Didi listed a Grand Cayman VIE - another Bloomberg omission

Updated: Jul 9, 2021


So I wrote about the Didi imbroglio earlier this week, suggesting Bloomberg's coverage was peculiarly slanted, omitted key details, and was over-critical of China. In both a news article and a commentary Bloomberg omitted the key details that Didi listed on the New York Stock Exchange, which is the authority for compliance with its own listing rules, and failed to identify the lead underwriters, JP Morgan, Goldman Sachs, and Morgan Stanley, who are collectively responsible for the accuracy and compliance of the investor prospectus for the IPO. Bloomberg also omitted the detail that what listed in New York was a Grand Cayman shell company with only contractual rights to Chinese company revenues.


This morning the BBC's coverage of the law suit on behalf of IPO investors filed yesterday helpfully clarified that the Chinese company Didi listed on NYSE was a 'variable interest entity' incorporated in Grand Cayman. The BBC also named the three lead underwriters as co-defendants in the law suit. So BBC has better market journalists than Bloomberg, at least on this story.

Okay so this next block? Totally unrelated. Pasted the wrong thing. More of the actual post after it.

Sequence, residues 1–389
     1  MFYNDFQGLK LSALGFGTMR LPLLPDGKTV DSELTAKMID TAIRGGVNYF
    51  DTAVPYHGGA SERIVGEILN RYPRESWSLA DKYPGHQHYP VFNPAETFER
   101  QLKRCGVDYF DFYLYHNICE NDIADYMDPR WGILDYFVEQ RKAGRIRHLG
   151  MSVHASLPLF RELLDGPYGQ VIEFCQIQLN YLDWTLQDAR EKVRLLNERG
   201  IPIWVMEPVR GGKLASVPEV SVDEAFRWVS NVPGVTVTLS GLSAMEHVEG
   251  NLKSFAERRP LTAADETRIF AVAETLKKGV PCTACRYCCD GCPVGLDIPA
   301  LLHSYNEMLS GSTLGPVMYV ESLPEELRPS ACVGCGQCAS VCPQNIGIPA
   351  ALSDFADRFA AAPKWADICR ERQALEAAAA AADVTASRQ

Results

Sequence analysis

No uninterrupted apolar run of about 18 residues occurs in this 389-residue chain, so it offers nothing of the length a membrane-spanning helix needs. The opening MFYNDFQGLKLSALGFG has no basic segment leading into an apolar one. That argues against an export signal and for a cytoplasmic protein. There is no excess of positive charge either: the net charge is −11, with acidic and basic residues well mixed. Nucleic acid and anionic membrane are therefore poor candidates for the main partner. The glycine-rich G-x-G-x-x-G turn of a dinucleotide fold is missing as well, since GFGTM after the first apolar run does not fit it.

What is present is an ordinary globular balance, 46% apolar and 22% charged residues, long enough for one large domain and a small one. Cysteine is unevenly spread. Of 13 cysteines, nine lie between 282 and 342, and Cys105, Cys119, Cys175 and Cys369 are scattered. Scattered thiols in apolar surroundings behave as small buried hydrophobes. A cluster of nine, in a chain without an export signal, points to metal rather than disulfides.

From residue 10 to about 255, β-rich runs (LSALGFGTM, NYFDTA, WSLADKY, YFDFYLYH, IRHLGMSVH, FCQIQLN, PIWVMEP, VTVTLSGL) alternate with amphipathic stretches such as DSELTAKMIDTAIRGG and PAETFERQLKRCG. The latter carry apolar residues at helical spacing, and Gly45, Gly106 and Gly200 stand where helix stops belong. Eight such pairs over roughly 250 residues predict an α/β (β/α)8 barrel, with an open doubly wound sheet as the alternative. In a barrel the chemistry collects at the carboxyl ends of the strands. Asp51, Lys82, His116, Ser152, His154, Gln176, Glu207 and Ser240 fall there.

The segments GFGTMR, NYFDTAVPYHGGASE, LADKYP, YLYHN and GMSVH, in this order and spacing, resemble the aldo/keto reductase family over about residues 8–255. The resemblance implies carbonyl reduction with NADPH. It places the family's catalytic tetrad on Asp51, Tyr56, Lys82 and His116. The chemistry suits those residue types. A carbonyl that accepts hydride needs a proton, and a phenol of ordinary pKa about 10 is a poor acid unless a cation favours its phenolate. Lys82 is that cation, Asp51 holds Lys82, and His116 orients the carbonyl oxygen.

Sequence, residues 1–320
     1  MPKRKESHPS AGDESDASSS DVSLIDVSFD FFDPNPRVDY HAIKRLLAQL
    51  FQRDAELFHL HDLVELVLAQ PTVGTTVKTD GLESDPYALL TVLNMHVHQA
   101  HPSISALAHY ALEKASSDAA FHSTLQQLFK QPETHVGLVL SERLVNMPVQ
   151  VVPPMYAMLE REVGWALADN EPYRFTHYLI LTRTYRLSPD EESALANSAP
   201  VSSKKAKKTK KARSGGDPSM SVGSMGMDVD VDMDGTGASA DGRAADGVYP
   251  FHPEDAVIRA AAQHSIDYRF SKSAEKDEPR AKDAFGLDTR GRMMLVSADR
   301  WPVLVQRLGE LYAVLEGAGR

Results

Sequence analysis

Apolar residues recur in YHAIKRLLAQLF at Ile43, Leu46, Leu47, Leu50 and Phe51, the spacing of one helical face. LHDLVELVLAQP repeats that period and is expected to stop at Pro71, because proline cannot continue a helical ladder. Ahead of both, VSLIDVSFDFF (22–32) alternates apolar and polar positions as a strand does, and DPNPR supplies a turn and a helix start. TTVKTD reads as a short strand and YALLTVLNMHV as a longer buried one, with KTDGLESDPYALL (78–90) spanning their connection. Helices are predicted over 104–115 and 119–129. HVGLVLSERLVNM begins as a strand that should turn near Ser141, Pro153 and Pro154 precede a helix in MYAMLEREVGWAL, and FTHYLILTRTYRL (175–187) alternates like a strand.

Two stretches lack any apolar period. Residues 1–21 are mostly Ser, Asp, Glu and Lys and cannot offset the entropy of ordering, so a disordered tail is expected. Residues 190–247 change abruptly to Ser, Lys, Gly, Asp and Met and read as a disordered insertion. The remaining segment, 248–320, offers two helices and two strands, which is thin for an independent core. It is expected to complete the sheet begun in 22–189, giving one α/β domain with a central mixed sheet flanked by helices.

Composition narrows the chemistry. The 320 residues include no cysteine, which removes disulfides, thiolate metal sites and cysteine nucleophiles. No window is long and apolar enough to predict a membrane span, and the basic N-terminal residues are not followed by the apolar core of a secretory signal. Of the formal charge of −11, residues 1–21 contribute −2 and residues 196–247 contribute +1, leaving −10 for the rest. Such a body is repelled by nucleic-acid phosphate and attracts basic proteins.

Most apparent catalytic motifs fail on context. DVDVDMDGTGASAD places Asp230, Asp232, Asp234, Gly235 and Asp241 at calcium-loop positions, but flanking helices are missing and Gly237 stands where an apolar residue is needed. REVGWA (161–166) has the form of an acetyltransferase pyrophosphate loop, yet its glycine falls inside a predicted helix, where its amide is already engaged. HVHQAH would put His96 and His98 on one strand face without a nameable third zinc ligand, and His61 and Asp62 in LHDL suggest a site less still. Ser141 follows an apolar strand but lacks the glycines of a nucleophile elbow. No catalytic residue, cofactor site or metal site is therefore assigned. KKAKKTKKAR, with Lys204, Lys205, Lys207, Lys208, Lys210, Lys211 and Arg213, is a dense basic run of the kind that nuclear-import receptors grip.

The VIE is a fascinating bit of financial innovation, originally conceived by Enron to hide losses from its balance sheet and shareholders - before it went bankrupt in December 2001. The VIE structure has now been used for more than USD 1.7 trillion in Chinese equity listings in New York to avoid Chinese statutory and regulatory constraints on foreign ownership of Chinese companies. What could go wrong?


The NYSE and Nasdaq are getting a large chunk of their listing fees from Chinese companies. New York investment banks are getting huge revenues from underwriting IPOs of Chinese companies. Why should the fact that foreign ownership is illegal under Chinese law pose an impediment to these lovely revenue streams? Hence enthusiasm for the VIE structure in New York, regardless of risks to investors, particularly mutual funds, insurance companies, and pension funds desperate for yield and growth.


Many Chinese are now getting wary of the risks, and so should supervisors, exchanges, and banks. Lawyers and analysts are warning that silence from Chinese authorities on VIEs does not signal consent. Executives of Chinese companies with New York listings are accelerating dual listings in Hong Kong.


VIEs are something to watch as a market risk factor if geo-strategic rivalries and US antagonism against China intensify. And Bloomberg should really improve its coverage because masking those responsible for listing decisions and process does not help illuminate the story.



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